Hate cannot drive out hate
I would like to share with your readers my thoughts regarding the reaction to Osama bin Laden’s death.
Let me be clear upfront, I am a US citizen and I condemn to the fullest extent the sickening schemes and actions of bin Laden on Sept. 11, 2001. Bin Laden deserves punishment without a doubt, and the victims and the families of 9/11 deserve justice.
However, I do not think that any problems have been solved with the death of bin Laden and I disagree with US President Barack Obama when he said that the world is a safer place without bin Laden.
By killing bin Laden, it in a way martyrs him among his many supporters. I, along with many others, would rather see bin Laden brought to justice. That way whatever sentence was carried out (even the death penalty) would be more justified than merely shooting him to death. We also know that with the death of bin Laden, another will rise.
I also find the celebrations of bin Laden’s death outside the White House disturbing.
People are celebrating death. What message is the US sending out?
Let me end with a quote from Martin Luther King Jr: “Returning hate for hate multiplies hate, adding deeper darkness to a night already devoid of stars. Darkness cannot drive out darkness; only light can do that. Hate cannot drive out hate; only love can do that.”
A failing grade for Rawson
Mark Rawson’s recent screed criticizing translators who he deems to be inferior to him was funny, or should I say humorous (“Experts better than native speakers,” April 29, page 8).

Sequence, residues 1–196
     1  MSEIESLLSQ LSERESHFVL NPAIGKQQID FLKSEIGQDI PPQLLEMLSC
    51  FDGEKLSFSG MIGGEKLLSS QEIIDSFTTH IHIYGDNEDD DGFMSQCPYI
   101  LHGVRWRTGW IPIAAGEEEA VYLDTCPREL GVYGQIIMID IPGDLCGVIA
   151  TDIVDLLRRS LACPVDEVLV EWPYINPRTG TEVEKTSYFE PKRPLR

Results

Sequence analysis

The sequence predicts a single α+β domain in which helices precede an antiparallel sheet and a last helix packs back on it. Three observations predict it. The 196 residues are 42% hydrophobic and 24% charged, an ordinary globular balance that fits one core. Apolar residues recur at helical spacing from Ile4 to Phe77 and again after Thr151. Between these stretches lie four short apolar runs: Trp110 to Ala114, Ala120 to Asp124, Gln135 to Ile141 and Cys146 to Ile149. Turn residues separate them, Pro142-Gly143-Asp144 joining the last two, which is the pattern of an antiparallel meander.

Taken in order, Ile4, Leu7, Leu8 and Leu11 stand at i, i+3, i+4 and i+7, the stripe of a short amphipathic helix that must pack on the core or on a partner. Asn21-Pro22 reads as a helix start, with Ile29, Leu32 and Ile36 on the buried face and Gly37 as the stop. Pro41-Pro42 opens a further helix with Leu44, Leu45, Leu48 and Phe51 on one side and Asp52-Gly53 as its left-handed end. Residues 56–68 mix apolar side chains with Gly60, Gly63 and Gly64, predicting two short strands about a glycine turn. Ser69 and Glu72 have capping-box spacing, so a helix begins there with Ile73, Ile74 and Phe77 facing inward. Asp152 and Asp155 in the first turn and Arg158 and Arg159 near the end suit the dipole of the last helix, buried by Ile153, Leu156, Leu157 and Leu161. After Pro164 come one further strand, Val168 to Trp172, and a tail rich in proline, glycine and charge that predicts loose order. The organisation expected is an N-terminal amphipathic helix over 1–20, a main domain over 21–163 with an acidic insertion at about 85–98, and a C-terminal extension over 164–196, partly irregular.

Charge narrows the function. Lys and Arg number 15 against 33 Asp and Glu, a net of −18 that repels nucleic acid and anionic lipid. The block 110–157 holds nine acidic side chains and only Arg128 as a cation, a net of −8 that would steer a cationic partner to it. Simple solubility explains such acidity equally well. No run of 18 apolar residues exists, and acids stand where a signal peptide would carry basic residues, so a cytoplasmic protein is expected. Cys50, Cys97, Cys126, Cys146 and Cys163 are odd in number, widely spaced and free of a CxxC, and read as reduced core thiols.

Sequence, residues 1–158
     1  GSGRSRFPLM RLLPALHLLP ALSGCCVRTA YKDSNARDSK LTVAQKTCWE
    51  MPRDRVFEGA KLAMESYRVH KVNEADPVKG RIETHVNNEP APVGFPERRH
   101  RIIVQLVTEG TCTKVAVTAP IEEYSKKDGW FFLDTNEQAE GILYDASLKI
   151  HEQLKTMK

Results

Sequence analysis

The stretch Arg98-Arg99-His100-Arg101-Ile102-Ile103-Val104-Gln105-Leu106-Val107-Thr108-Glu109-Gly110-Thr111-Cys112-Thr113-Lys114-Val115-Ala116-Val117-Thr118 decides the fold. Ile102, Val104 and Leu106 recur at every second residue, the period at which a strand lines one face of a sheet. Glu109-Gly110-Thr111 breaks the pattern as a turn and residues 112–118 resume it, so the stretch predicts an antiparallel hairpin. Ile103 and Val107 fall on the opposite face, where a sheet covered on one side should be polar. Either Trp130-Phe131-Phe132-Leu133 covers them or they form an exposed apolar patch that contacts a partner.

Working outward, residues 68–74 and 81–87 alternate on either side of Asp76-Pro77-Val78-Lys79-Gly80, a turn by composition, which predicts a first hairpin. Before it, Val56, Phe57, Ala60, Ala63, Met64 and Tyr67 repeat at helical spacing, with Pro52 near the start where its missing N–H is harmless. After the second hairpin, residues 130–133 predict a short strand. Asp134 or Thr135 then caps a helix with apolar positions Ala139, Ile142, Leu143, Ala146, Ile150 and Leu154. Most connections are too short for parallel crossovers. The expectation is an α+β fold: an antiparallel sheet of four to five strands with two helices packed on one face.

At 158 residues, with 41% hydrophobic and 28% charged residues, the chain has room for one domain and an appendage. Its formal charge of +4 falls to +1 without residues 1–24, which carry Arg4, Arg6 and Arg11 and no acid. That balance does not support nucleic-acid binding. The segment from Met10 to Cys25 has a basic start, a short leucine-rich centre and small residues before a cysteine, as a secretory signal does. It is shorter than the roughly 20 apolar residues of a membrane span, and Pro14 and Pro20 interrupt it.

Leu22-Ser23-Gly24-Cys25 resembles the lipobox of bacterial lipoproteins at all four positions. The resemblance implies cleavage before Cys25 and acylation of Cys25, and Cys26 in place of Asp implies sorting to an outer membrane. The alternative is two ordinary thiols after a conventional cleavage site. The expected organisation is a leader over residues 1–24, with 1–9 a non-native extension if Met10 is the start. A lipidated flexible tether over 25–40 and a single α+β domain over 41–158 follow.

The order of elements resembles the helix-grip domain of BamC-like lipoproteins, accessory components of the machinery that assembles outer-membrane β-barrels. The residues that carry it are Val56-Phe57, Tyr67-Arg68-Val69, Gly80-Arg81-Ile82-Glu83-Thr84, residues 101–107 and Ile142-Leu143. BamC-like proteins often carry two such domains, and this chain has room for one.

Mr know-it-all even has the cheek to tell readers of his rant who might write a letter to the editor protesting his, er, interesting, er, observations: “I can see many of them now preparing to fill the Taipei Times mailbag with indignant, linguistically flawed protestations.”
Well, I’ll take the bait, although I am not one to write letters to the editor.
Rawson should know first of all that readers do not send letters to the editor these days by snail mail, but rather by e-mail, and therefore there is no “mailbag” for the letters to arrive in. Instead, letters arrived in an inbox at the Taipei Times.
Rawsom could have done himself a favor by calling it a mailbox, rather than a mailbag, but then again, he’s the expat language expert.
Rawson tells us that “[in] his daily Chinese-English translation work, [he] frequently [has] to request clarification from Chinese clients as to the meaning of this or that Chinese phrase, because, not being an expert in the use of their own language, they have expressed something unclearly or nonsensically.”
Good, Mark, but one thing: this is Taiwan and your clients are Taiwanese, not Chinese. So much for how smart you are.
You don’t even know what country you are living in.
Mailbag? Chinese? I give you a failing grade, sir.